Drop-In Peer Centers Part Two: History and Funding

Last month, I wrote about my drop in center, Rebel’s Drop In, which offers peer mentoring, art classes, outings, and other activities.  What would it take to start one?  

What is peer mentoring?

A peer is someone who has personal experience living with mental illness.  Seventy eight comparative research studies that I read prove that peer mentoring is astoundingly effective in a number of ways.  I got this information from two articles. The first is an April 2014 article from the National Coalition for Mental Health Recovery. It’s titled, “Peer Support: Why It Works.” The second group of studies cited come from Mark S. Salzer’s 2010 paper: “Certified Peer Specialists in the United States Behavioral Health System: An Emerging Workforce.” I’m sure there are even more.  One of studies in particular is about the cost effectiveness of this approach, reducing the amount of crises requiring inpatient confinement. So if you were going to approach a local public hospital that treats the uninsured and the indigent, this study would be of interest to them.  Bluntly put, this and other evidence-based comparative studies proves that by supporting a center, maybe by providing space or funds, that over time, they will save lots of money and be able to count it.  Drop-ins have been proven to improve quality of life and even save lives, something of interest to a possible private donor.    

How is it funded?

Here’s how the movement legitimized itself, opening the door for funding.  In 2001, Georgia became the first state to specifically identify peer mentoring and support as a Medicaid reimbursable service. Other states, but not all, have followed suit.   

In 2007,  Dennis B Smith, the director of the Centers for Medicare and Medicaid explained it as an “evidence-based” mental health model of care that consists of a qualified peer support provider who assists individuals with their recovery from mental illness and substance abuse disorders. In my opinion, it’s a win-win endeavor. 

Federal funds are available through Samsa. If you Google Samsa, the prompt for ‘grants and funding’ is on the first page. When you click that, the easy instructions on ‘how to’ fill out an application for grants displays with the bright, easy-to-understand application itself. There is grant-based funding at the city, county, or state level depending on where you live.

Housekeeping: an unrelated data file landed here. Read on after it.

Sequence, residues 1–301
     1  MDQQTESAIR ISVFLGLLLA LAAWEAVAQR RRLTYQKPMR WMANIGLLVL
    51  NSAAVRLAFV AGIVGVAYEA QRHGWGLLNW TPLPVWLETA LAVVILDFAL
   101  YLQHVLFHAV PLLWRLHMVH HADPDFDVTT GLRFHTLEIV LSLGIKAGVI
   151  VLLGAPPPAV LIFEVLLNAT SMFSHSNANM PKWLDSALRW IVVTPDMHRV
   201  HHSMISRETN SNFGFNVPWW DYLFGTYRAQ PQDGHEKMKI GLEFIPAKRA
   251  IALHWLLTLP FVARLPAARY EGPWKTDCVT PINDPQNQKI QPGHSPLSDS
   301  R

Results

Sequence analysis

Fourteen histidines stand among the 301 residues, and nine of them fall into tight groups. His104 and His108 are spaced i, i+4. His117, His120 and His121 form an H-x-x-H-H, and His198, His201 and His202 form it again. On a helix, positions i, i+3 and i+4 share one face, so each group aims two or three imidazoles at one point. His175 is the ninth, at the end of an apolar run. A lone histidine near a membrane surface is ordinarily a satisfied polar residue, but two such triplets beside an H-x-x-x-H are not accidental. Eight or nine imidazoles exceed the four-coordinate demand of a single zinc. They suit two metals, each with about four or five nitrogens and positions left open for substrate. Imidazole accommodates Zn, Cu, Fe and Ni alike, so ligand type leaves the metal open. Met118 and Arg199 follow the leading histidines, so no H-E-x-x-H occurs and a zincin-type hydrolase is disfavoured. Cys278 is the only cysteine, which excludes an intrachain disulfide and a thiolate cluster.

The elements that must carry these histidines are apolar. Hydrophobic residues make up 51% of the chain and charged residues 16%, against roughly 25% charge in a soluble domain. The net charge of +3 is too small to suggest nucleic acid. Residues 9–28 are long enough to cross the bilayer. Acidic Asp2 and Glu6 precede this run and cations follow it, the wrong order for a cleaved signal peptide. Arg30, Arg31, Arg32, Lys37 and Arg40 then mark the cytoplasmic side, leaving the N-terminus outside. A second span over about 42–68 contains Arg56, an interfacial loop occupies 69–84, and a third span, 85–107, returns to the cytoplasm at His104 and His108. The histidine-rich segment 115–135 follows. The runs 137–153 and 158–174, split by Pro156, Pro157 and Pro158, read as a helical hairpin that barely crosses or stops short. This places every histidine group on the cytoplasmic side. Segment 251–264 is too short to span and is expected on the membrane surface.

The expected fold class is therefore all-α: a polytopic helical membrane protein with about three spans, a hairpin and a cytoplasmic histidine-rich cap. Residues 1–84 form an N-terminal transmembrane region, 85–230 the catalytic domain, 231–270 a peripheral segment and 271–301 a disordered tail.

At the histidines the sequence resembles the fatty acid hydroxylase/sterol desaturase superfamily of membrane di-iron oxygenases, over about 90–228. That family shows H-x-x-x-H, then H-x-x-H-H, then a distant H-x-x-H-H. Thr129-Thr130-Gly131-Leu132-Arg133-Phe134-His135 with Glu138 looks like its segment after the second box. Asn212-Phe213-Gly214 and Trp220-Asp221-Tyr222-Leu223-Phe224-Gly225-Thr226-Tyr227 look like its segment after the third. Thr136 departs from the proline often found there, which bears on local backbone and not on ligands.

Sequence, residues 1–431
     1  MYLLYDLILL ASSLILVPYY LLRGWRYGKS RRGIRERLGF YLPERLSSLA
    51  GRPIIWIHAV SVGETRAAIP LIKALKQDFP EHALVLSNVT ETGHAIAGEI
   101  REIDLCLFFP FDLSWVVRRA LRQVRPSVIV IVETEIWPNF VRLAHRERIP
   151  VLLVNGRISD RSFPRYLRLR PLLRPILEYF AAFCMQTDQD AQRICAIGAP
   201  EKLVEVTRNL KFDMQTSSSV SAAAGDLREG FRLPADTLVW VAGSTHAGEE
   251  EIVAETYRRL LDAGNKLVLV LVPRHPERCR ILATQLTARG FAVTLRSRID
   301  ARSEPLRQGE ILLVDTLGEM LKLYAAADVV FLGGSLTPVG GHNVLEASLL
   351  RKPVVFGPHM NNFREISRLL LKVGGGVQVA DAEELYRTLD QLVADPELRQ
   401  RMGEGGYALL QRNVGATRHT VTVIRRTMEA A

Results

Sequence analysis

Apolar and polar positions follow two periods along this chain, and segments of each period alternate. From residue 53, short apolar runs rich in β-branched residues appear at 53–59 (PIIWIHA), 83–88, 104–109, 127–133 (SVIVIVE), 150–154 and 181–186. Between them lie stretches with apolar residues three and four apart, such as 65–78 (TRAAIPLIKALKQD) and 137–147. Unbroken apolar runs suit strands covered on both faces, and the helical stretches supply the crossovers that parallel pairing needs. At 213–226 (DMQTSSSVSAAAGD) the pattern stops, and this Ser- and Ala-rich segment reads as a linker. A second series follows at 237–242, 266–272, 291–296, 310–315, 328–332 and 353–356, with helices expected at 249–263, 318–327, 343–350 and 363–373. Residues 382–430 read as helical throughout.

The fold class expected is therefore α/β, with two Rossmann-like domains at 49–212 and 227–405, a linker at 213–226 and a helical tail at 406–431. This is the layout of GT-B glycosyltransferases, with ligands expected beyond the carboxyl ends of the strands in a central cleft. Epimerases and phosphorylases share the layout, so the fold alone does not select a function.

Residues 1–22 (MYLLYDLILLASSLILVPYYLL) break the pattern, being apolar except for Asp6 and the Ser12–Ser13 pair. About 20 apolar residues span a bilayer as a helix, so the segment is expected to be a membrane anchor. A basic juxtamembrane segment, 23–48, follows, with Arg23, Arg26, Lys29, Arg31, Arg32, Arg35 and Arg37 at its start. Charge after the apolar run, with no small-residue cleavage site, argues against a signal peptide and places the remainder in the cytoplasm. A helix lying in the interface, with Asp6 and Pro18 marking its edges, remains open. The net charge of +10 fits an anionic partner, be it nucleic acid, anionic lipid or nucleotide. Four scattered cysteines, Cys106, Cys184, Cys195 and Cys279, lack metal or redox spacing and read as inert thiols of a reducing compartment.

How did my center get started?

I sat down with Kay, my center’s project director. She is a peer mentor and manages the other peer mentors. She oversees the volunteer program and other curriculum. A little known but important fact about Kay: She started and nurtured the area’s only Schizophrenics Anonymous self-help group. This has taken conviction and time. Kay’s very interesting, and was kind enough to sit down with me and give me background on our center. She has a stout skill set and many personal achievements. For her, it’s been a journey.

“I was on disability for six years, but always wanted to go back to work.” She worked part-time in the kitchen at the Buddhist Conference center, finding the beliefs enriching and helpful. 

“The Buddhist practice definitely had a transformational effect on my life,” she said. “It was very positive.” The next stop was two years of part-time work at MHA, while volunteering at another local drop in center. In 2003, she was hired full-time to work at Rebel’s Drop-In, in Hollywood, Florida. While working full-time at Rebel’s she went back to school, earning a Master’s degree in counseling and is now a licensed LMHC. She mentioned that the hospital helped her to do that.     

“The beauty of a hospital affiliation is that we can offer a continuum of care to someone who might need a higher level of care,” she said. “Our psychiatrists and therapists are here on site to evaluate and facilitate that.” The volunteer program offers many opportunities for consumers to do something positive with their lives, in addition to socialization. Isolation, which can be a symptom of some mental health problems, can perpetuate the problem itself.

Rebel’s opened in 2001 with the help of a consumer advocate and a contribution from a private donor. The space was provided by a local hospital. Grants helped provide the additional funding needed to operate the center in its early years.  

“Our Grants have only gone up over time. I’ve hired more mentors and offer more programs,” Kay said. “Doesn’t this seem unique in these eras of budget cuts?”    

“It’s exceptional, in any political environment.  Part of it is that I am a meticulous record keeper. That’s the key in any grant-funded environment.”  At that moment the doorbell rang. She relaxed and leaned back, shooting a glance all the way through the door to the group room, around the reception desk to the front door. Her smile reached up to her eyes. 

“This is the best chair in the room to sit. At any time I can always see who is trying to get in and go open the door for them.” She got up from her seat and did just that. 

In my next post I will write about a free-standing drop in called Nine Muses and how they got started. 

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